The Associate Director will be expected to advance the development of the Institute by utilizing his/her standing as a researcher and/or educator who utilizes community engaged scholarship in Indigenous health; serving as a convener with excellent organizational skills, with the ability to bring a diverse coalition of stakeholders together while adhering to principles of self-determination, such as OCAP principles (Ownership, Control, Access, and Possession); articulating a compelling interdisciplinary vision that is both broad and deep; serve as an effective enabler and team builder, able to motivate others; relating as an individual with strong interpersonal skills, a hands-on person who adds value, and a helpful colleague; being collaborative, not hierarchical; and being entrepreneurial – a program builder.

The Associate Director will be expected to work closely with the Director of the Waakebiness-Bryce Institute for Indigenous Health at the Dalla Lana School of Public Health; the entire senior leadership of DLSPH; a governance body associated with the Institute that maximizes and optimizes participation and input of key Indigenous community and Indigenous health leaders; and to be the Director of the Collaborative Program in Aboriginal Health.

All qualified candidates are invited to apply online. Applications should include a cover letter, curriculum vitae, teaching dossier (including a statement of teaching philosophy), and a statement outlining current and future research interests. For questions regarding this position, please contact acadsearch.dlsph@utoronto.ca.

Applicants should also ask three referees to send letters (signed and on letterhead) directly to Melodie Buhagiar, via email to acadsearch.dlsph@utoronto.ca.

All application materials must be submitted online on or before November 30, 2017.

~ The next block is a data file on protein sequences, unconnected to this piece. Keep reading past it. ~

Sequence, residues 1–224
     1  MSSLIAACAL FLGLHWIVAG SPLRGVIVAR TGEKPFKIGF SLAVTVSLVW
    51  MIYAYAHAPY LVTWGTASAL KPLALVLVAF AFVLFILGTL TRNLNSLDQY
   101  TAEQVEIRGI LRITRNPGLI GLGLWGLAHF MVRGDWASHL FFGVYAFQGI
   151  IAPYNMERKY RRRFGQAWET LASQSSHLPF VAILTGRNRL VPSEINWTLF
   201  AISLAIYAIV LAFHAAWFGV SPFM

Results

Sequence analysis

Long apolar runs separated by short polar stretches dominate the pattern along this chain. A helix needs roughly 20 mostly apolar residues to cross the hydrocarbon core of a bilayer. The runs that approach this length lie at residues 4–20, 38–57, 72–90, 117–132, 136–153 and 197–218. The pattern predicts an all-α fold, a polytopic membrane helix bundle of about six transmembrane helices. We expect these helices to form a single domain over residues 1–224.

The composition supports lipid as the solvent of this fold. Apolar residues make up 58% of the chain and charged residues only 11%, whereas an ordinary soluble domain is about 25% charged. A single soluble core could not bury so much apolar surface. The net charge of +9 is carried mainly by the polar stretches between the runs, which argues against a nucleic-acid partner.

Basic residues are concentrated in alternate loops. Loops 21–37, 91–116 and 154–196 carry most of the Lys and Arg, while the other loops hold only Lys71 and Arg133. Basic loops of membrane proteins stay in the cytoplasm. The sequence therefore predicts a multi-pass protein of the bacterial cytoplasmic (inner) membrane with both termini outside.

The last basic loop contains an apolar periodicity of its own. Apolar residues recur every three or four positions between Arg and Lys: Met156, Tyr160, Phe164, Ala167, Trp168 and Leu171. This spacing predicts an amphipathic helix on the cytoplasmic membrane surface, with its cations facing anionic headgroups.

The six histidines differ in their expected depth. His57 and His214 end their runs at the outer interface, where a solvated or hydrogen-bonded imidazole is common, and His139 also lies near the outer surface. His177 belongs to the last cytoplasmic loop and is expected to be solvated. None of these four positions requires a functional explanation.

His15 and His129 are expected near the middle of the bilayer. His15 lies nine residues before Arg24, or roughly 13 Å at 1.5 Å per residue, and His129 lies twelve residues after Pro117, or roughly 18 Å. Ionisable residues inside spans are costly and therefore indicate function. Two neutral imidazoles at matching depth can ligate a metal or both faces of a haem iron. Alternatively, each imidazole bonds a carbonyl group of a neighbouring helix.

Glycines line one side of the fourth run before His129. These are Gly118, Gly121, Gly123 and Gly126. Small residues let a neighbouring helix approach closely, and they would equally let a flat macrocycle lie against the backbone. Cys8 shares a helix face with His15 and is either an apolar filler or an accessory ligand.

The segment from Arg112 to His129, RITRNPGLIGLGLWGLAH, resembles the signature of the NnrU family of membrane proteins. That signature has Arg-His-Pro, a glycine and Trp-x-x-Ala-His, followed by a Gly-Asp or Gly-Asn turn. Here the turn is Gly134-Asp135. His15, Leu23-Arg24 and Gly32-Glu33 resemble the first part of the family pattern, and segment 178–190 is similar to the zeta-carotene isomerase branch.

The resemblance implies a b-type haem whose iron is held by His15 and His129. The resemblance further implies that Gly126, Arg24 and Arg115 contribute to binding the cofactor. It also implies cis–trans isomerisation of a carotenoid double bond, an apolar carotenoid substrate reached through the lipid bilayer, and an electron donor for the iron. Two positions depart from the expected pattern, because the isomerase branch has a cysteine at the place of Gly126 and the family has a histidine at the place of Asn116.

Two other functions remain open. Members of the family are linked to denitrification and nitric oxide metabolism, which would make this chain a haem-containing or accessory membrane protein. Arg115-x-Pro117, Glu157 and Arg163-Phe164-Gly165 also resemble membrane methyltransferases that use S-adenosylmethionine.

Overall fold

Submission guidelines can be found at:http://uoft.me/how-to-apply. We recommend combining attached documents into one or two files in PDF/MS Word format.


  • The University of Toronto is strongly committed to diversity within its community and especially welcomes applications from racialized persons / persons of colour, women, Indigenous / Aboriginal People of North America, persons with disabilities, LGBTQ persons, and others who may contribute to the further diversification of ideas.

    As part of your application, you will be asked to complete a brief Diversity Survey. This survey is voluntary. Any information directly related to you is confidential and cannot be accessed by search committees or human resources staff. Results will be aggregated for institutional planning purposes. For more information, please see http://uoft.me/UP.

    All qualified candidates are encouraged to apply; however, Canadians and permanent residents will be given priority.


 
Please reference AcademicKeys.com in your cover letter when
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Contact Information

 
  • Melodie Buhagiar
    Dalla Lana School of Public Health
    University of Toronto
    155 College Street
    Toronto, ON M5T 3M7
    Canada
  •  
  • 416-978-5253
  • acadsearch.dlsph@utoronto.ca